I took a breath, another, and stood up. Looking up at the building, the fire almost gone, I turned around and ran. I ran, barefoot over rock and broken bottles. Until the sounds of the sirens and shouting were far beyond earshot, I ran. My lungs were on fire, my legs burned, my skin was frozen, but still I ran. I ran until I reached an abandoned warehouse. The kids who had torched the orphanage had gone there to get drunk and party.

It was a large brick building, the doors and windows boarded up. Graffiti was everywhere. Gang names, symbols, pictures of clowns and all kinds of horrible things were painted all over. I ran around to where a large painting of a comical looking face was erected. The mouth was opened wide and a door was built into it. I pushed it open.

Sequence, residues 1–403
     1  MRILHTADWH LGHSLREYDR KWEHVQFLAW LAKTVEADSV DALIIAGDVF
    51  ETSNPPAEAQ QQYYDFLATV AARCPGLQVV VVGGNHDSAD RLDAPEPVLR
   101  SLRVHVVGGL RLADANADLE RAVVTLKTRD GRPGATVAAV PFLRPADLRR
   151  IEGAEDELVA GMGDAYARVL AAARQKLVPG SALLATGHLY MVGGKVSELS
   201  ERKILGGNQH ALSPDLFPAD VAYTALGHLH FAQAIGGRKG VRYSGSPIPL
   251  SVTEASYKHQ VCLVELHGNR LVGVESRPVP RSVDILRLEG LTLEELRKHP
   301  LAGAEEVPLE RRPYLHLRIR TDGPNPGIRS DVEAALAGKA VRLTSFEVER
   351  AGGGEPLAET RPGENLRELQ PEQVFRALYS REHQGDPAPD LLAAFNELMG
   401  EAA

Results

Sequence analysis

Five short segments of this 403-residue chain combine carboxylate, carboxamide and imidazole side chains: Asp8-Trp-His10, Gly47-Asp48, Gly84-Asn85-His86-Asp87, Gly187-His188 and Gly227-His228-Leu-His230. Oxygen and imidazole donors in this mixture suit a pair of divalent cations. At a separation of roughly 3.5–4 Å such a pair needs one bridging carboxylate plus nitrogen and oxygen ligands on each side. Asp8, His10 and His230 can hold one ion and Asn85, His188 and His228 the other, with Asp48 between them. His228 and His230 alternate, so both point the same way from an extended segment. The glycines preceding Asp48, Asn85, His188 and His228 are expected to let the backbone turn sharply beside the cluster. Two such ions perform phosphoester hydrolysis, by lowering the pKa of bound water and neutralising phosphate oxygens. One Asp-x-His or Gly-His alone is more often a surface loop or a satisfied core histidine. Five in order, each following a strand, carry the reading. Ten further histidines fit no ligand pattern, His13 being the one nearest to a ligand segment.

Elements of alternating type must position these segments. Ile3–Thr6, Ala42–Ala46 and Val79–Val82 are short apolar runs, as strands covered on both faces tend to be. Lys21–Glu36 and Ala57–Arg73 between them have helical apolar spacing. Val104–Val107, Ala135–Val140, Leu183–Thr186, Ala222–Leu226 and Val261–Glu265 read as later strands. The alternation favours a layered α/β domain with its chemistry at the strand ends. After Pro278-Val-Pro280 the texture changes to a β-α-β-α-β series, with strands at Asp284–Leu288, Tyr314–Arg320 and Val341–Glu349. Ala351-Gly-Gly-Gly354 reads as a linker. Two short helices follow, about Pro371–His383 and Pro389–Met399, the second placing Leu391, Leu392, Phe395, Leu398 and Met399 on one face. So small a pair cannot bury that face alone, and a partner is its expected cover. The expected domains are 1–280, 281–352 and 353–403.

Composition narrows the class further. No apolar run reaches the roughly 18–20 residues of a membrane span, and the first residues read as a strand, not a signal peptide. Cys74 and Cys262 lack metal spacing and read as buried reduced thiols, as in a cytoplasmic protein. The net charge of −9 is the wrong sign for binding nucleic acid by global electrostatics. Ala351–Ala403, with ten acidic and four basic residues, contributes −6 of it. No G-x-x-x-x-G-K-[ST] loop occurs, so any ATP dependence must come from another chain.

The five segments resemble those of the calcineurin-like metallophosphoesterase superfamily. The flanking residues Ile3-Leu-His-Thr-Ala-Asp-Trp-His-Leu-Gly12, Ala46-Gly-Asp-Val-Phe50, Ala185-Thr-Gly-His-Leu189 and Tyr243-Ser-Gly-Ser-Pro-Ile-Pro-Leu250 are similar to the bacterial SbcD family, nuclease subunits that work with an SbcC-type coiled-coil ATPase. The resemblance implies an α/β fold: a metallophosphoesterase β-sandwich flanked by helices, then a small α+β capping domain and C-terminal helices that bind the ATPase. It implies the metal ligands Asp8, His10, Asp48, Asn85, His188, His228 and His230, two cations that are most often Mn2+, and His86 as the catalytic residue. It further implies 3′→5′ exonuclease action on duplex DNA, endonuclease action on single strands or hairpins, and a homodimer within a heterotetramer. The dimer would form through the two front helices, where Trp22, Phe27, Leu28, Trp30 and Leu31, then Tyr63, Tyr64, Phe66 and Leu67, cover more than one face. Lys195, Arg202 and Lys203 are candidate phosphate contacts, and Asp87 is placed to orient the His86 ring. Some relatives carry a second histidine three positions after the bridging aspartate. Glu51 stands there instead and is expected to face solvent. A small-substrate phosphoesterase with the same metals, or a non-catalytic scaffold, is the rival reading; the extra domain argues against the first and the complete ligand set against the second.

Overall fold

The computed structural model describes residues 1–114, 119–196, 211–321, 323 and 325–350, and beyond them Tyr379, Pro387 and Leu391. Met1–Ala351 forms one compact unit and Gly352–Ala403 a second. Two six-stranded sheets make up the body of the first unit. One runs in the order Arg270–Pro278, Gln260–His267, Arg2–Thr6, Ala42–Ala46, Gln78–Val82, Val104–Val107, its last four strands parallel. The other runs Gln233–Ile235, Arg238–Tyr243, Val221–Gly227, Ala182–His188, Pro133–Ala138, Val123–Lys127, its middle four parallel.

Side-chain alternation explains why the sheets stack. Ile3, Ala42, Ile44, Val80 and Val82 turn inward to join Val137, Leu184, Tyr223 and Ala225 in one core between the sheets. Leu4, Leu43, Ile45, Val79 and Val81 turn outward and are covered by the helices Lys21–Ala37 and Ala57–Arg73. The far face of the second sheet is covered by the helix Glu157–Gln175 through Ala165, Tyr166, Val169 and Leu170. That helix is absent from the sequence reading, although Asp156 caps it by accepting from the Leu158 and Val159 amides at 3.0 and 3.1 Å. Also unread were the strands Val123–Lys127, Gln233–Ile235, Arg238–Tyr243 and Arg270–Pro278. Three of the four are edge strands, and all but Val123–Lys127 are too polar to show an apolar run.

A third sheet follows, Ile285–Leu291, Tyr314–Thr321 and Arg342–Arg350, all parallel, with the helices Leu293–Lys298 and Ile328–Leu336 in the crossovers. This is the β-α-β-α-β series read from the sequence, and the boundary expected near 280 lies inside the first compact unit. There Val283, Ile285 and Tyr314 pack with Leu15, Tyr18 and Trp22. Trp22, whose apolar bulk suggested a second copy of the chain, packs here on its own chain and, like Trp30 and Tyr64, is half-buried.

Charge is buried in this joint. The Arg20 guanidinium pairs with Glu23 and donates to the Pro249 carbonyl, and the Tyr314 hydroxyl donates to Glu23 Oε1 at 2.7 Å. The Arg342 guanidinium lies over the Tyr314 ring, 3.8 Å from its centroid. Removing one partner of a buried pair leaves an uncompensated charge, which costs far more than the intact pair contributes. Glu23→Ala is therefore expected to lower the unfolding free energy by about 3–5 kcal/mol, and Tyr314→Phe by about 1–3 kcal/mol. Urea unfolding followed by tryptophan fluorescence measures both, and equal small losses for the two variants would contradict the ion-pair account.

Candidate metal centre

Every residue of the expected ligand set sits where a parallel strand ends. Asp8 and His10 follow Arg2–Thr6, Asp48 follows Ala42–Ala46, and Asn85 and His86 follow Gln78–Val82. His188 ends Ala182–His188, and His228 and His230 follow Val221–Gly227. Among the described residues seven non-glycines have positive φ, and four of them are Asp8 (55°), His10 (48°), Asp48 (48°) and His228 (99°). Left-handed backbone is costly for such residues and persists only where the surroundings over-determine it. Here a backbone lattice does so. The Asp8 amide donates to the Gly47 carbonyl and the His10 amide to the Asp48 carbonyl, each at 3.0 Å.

Twenty pairs of eyes flicked to me and the noise that was blaring out the speakers of a beat up boom box stopped instantaneously. I stood, shirtless and shoeless as twenty people—boy and girl alike—got up and smashed empty beer bottles. Chains, bats with long nails driven through them, brass knuckles, and various other weapons were taken out. Faces painted like skulls, death metal t-shirts, and the rank scent of hard liquor surrounded me.

I just stood there, in nothing but my pants, and said in as clear a voice as I could, "You killed her."

They laughed cruel laughs full of mirth at someone's pain and suffering. They laughed at me and at the chaos they had caused. I balled up my fist as hard as a steel bearing and lunged at the biggest of them, teeth bared in a snarl of rage. He fell to the ground, whimpering and clutching his nose. Warm blood oozed out from between his thick fingers as he curled up into a ball.